Autistic Children Improve IQ and Social Skills With Reflective Network Therapy

Reflective Network Therapy

The results are in on a 49-year long multi-site study on the effectiveness of Reflective Network Therapy (RNT), and indicate a significant rise of IQ in children with autism spectrum disorders.  Led by Gilbert Kliman, M.D. of The Children’s Psychological Health Center in Santa Rosa and San Francisco, California, the study also maps improvements with social skills, communication, and more positive general behavior.

1700 preschoolers were treated with RNT since 1965, 680 of who were diagnosed with an autism spectrum disorder. Third-party researchers conducted IQ tests on 31 autistic children (79 total) twice over the course of their Reflective Network Therapy. The children with autism showed some of the highest gains, with an average increase of 24 IQ points. Comparable research on other forms of therapy for autism and other pervasive developmental delays showed no significant change to IQ.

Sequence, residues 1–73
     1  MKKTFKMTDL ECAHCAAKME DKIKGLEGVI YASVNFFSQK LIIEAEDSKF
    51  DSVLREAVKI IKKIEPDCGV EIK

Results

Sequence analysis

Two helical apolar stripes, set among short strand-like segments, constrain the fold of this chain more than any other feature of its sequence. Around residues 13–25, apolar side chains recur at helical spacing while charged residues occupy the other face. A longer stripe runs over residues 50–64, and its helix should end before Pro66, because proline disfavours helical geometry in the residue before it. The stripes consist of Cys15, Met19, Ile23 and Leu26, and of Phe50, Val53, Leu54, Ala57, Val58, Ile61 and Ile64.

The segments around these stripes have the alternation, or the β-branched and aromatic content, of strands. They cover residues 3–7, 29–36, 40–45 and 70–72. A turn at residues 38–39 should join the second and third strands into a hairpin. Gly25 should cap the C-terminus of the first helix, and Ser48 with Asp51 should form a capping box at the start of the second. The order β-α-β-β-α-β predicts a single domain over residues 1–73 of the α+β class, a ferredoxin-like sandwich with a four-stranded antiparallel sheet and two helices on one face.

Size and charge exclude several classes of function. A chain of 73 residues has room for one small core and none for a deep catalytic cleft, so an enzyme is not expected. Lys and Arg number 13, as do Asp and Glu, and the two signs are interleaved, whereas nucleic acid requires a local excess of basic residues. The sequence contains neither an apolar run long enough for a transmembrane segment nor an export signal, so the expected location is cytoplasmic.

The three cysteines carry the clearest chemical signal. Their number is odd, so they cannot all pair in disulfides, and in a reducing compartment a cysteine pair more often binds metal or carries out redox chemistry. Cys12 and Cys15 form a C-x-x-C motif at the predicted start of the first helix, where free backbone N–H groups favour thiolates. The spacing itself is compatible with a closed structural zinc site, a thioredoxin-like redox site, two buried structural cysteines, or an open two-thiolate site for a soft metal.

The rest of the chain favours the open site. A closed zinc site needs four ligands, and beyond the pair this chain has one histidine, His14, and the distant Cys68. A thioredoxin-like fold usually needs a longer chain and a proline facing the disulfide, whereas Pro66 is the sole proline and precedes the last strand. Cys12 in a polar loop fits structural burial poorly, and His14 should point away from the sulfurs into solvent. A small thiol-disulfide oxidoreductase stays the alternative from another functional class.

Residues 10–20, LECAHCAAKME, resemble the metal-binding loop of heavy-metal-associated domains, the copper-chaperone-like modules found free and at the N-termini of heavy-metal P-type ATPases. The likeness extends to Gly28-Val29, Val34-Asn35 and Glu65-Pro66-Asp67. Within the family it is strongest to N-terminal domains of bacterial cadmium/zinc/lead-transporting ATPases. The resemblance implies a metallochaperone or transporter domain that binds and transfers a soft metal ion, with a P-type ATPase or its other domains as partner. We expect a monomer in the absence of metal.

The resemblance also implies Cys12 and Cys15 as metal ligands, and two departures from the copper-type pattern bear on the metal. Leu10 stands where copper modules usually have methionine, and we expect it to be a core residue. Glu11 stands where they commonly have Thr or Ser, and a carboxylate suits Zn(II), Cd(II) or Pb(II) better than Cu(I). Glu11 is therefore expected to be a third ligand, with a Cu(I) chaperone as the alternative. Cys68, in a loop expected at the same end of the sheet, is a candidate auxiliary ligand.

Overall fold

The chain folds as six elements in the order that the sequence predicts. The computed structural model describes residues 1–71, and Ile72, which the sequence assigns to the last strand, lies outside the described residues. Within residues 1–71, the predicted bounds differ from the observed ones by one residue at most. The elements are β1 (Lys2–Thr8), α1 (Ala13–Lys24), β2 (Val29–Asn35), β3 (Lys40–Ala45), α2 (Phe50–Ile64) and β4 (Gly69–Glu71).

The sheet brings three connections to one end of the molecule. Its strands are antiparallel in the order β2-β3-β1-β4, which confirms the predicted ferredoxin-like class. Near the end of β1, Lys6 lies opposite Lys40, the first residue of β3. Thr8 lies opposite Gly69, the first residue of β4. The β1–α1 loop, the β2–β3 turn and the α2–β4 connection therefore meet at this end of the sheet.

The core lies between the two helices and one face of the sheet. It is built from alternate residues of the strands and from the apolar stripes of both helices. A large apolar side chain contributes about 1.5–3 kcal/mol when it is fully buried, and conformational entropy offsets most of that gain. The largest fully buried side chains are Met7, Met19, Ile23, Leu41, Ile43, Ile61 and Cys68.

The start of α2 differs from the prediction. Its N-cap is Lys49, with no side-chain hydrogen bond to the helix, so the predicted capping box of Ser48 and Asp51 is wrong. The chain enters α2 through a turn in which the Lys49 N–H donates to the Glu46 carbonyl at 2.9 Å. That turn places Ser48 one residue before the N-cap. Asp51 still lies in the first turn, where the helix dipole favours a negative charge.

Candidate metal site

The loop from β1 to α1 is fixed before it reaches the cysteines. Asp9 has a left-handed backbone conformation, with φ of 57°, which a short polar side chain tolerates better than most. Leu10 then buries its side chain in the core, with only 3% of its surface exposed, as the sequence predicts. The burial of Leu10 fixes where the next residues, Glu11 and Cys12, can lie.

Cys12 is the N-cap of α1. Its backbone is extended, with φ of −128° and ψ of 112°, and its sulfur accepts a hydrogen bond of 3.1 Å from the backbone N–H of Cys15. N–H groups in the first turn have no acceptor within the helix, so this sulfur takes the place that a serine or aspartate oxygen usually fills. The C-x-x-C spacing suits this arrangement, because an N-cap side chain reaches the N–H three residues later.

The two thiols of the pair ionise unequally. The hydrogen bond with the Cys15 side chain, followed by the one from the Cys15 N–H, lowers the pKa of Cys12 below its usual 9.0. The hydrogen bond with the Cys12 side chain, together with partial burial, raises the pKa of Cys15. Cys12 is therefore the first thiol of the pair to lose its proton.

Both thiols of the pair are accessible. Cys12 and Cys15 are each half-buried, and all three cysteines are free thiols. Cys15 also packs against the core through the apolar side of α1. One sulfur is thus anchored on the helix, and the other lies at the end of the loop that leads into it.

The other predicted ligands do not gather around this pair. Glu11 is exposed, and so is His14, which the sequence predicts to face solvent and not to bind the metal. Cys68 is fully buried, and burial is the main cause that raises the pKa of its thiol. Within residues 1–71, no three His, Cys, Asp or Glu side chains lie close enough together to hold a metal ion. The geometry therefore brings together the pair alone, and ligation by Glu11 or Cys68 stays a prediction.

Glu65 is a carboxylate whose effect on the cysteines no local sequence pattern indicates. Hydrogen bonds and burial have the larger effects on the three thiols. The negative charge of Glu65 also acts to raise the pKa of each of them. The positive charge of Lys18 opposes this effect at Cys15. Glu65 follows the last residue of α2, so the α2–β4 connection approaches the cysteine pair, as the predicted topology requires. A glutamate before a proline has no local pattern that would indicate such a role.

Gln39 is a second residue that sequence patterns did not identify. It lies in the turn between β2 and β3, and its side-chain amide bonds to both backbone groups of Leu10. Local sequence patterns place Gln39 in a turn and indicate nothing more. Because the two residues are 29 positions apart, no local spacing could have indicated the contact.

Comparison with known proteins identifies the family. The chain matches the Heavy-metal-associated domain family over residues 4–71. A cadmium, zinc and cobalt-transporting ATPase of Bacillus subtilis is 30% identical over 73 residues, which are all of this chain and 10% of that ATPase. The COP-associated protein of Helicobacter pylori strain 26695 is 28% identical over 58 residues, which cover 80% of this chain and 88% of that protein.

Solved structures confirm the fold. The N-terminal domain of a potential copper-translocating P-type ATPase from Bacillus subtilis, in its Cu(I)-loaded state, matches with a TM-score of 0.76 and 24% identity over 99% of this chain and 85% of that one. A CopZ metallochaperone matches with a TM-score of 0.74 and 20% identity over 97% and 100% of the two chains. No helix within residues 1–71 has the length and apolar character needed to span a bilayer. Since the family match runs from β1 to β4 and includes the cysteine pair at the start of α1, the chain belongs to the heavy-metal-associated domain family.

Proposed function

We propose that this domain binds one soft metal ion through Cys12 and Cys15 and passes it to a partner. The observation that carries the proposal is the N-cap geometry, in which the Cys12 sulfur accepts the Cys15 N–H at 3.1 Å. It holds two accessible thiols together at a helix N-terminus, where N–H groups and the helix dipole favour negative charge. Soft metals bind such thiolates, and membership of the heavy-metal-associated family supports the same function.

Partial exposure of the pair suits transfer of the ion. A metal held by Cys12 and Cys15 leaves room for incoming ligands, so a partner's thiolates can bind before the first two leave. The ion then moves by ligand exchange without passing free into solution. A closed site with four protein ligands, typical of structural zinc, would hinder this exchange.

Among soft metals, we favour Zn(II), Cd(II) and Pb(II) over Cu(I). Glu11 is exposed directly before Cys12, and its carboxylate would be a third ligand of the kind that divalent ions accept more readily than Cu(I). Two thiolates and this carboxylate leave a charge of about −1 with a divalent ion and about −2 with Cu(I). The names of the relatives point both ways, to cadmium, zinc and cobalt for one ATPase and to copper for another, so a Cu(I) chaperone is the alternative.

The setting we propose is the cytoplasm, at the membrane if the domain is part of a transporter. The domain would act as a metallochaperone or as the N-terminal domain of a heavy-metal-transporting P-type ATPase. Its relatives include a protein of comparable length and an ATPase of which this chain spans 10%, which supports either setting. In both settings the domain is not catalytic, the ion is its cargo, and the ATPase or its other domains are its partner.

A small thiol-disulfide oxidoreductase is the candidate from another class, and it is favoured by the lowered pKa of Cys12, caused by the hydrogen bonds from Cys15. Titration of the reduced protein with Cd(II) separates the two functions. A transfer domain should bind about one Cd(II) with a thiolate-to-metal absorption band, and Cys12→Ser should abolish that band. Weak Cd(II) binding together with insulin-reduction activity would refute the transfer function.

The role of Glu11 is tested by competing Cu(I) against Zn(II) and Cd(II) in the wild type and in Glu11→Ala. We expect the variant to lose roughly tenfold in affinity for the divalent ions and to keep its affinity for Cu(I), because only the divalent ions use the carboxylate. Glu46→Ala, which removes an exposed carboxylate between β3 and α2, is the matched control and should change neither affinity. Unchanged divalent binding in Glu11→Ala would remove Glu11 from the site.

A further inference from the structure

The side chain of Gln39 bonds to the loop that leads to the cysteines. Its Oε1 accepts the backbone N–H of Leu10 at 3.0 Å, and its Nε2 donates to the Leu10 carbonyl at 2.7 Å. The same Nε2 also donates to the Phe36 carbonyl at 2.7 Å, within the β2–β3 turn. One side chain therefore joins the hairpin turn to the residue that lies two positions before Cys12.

Reflective Network Therapy “harnesses small social networks in the classroom, composed of parents, teachers, in-classroom therapist, and peers,” explains Dr. Kliman, a pioneer of RNT. The focused therapy of one child at a time, in the presence of their peers allows therapists, teachers, and parents to react as a team to behavior and allows classmates to process and mirror their peers’ progress and behavior. “It provides intensive interpersonal exercises within the child’s own preschool class on hundreds of occasions during the course of a school year,” continues Dr. Kliman, “and could save public special education systems, parents, and insurers millions of dollars for every ten children receiving treatment.” Dr. Kliman estimates the cost of RNT to be approximately 1/6th the cost of traditional therapies.

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